Postwar Germany and the role of women
When a country returns back to normal after a war ends, there are many changes to the everyday lives of soldiers—and their families. Postwar Germany, virtually razed to the ground during the Second World War, had to not only go through a process of denazification, but also deal with rebuilding society physically. Often women were the ones working to clear rubble and take care of children, as husbands and fathers slowly trickled back to Germany from prisoner of war (POW) camps around Europe and the Soviet Union.
This imagery may seem unfamiliar, but to a lesser extent, we see this today in the news; we hear about men, who returned from military operations in the Middle East, suffering from post-traumatic stress disorder and having difficulties adjusting to life back at home. Women’s voices, as providers and caretakers, are often in the background. Yet, a quick Google search highlights a Facebook support group for wives of soldiers and veterans suffering from PTSD. Women, as rebuilders of a postwar society, illustrates the number of roles they took to ensure continuity of their lives and neighborhoods.
Indeed, women’s role in the early postwar era changed significantly—they were responsible not only for their children, but also for helping Germany rebuild.
Postwar life stories are dominated by the idea that 1945 marked a ‘Zero Hour’ (Stunde Null) for Germany. We’ve touched on this concept before, but it was in essence the popular feeling (or hope) that the end of the war was such a colossal, traumatic rupture that the Germany that emerged was a blank slate. This impression was reinforced by the extent of Germany’s defeat. Not only had the war ended in surrender, but the Reich itself had been ‘completely crushed’: its territory occupied and dismembered by its former enemies; its government dismantled; its cities, Berlin most of all, levelled; and its population reduced to a state of subsistence and forced to ‘start again from scratch’. The ‘rubble mountains’ (Trümmerberge) that made up much of the urban landscape underscored how total this defeat had been.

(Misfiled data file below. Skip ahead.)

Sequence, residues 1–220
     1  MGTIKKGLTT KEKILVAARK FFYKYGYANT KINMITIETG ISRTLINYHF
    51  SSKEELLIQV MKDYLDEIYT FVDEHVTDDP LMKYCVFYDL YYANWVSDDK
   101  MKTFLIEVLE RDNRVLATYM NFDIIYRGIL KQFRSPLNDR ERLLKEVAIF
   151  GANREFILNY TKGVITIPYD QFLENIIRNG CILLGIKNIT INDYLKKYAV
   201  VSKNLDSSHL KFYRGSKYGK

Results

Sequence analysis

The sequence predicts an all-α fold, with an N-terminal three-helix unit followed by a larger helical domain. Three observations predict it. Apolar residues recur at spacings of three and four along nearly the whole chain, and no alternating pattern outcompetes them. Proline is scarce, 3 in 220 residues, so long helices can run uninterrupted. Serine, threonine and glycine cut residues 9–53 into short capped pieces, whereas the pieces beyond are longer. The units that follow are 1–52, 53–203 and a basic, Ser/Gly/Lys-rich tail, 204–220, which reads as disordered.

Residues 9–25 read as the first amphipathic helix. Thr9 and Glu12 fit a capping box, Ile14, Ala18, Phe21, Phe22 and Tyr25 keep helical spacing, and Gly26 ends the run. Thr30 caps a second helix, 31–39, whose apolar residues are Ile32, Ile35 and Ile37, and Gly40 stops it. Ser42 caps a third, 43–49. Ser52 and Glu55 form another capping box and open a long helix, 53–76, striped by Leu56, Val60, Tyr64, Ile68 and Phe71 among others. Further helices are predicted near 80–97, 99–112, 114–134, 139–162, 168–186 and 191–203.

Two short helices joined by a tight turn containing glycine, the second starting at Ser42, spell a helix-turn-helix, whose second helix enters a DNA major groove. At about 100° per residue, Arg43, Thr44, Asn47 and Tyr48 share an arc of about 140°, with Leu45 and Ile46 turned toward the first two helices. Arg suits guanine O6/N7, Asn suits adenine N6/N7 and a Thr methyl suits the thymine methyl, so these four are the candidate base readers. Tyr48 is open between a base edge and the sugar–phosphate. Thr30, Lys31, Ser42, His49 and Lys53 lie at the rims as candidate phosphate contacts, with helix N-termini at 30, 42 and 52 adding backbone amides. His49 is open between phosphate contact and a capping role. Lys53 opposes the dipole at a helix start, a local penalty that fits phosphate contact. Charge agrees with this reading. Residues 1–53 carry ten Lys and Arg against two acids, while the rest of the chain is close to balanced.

Films about this depict women working, yet struggling with moving forward. Gerhard Lamprecht’s Somewhere in Berlin, a Trümmerfilm (‘rubble film’), depicts the ruins as a ‘chaotic space’ dominating the city, and as ‘active agents in the destruction of innocent life’. The death of an orphaned boy following his fall from a ruined wall is the narrative and emotional crux of the film, and the culmination of the corrupting influence the ruins have exerted throughout.
The daunting task of clearing the rubble began in May 1945, and involved almost the entire populace from the beginning. With much of the country’s machinery destroyed and its city streets inaccessible, clearance relied primarily on manual labour, particularly in the first few years. In both western and eastern sectors of Germany, Allied authorities organized people into semi-compulsory work details. Women were vastly overrepresented in these units. In Berlin alone, out of 5784 citizens clearing rubble in March 1948, 3782 were women. The work was physically demanding, and the quantities of rubble to be cleared immense. Hence the heroic figure of the ‘rubble woman’ (Trümmerfrau) that emerged at this time in popular media and fiction, and which took on an almost mythical status in postwar German national identity on both sides of the Iron Curtain.
Despite the gradual introduction of machinery to ease the process, reconstruction was a formidable task, and was only really completed in both Germanies in the early 1960s. For at least the first postwar decade, therefore, German women’s lives were occupied with clearing away rubble, securing food for their families, and attempting to avoid the unwanted attentions of Russian soldiers. In A Woman In Berlin, the anonymous author writes of enduring rape by Russian soldiers, in the midst of attempting to figure out how to navigate a new, changed, postwar climate where women could barter sex for consumer comforts and food to help their families.
As women’s roles diversified, some began to question the value of having a husband, as returning POWs were often sick and physically incapable of doing work. Clashes between returning husbands from POW camps and children, who saw fathers as ‘taking the lion’s share’ of food and supplies but doing no work. There were many divorces in the early postwar years as some women felt they were better off alone than with a partner who was disturbed or physically unwell. This attitude began to shift in the 1950s, when it became more popular to get married and especially to marry a man who had been a POW. Women also wanted to ‘return to normality’, and in West Germany, this meant taking on gender performative roles of the mother and wife (see chapters 4 and 5 in ).